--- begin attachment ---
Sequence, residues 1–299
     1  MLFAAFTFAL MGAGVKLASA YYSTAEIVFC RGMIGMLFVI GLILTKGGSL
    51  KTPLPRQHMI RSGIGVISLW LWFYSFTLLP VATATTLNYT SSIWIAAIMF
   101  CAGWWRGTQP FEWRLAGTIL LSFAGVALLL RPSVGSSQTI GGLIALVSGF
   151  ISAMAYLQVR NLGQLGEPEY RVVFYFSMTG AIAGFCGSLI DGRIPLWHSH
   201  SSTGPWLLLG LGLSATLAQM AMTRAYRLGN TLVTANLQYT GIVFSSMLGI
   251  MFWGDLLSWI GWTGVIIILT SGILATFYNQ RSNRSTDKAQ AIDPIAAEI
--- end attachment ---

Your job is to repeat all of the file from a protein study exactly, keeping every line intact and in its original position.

Sequence, residues 1–299
     1  MLFAAFTFAL MGAGVKLASA YYSTAEIVFC RGMIGMLFVI GLILTKGGSL
    51  KTPLPRQHMI RSGIGVISLW LWFYSFTLLP VATATTLNYT SSIWIAAIMF
   101  CAGWWRGTQP FEWRLAGTIL LSFAGVALLL RPSVGSSQTI GGLIALVSGF
   151  ISAMAYLQVR NLGQLGEPEY RVVFYFSMTG AIAGFCGSLI DGRIPLWHSH
   201  SSTGPWLLLG LGLSATLAQM AMTRAYRLGN TLVTANLQYT GIVFSSMLGI
   251  MFWGDLLSWI GWTGVIIILT SGILATFYNQ RSNRSTDKAQ AIDPIAAEI